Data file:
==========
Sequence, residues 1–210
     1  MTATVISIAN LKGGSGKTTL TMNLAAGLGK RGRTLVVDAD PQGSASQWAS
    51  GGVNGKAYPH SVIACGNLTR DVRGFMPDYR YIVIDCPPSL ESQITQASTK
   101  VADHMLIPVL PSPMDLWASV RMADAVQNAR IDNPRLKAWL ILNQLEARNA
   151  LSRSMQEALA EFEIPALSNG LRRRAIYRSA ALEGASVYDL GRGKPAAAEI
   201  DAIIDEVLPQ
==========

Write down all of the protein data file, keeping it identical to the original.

Sequence, residues 1–210
     1  MTATVISIAN LKGGSGKTTL TMNLAAGLGK RGRTLVVDAD PQGSASQWAS
    51  GGVNGKAYPH SVIACGNLTR DVRGFMPDYR YIVIDCPPSL ESQITQASTK
   101  VADHMLIPVL PSPMDLWASV RMADAVQNAR IDNPRLKAWL ILNQLEARNA
   151  LSRSMQEALA EFEIPALSNG LRRRAIYRSA ALEGASVYDL GRGKPAAAEI
   201  DAIIDEVLPQ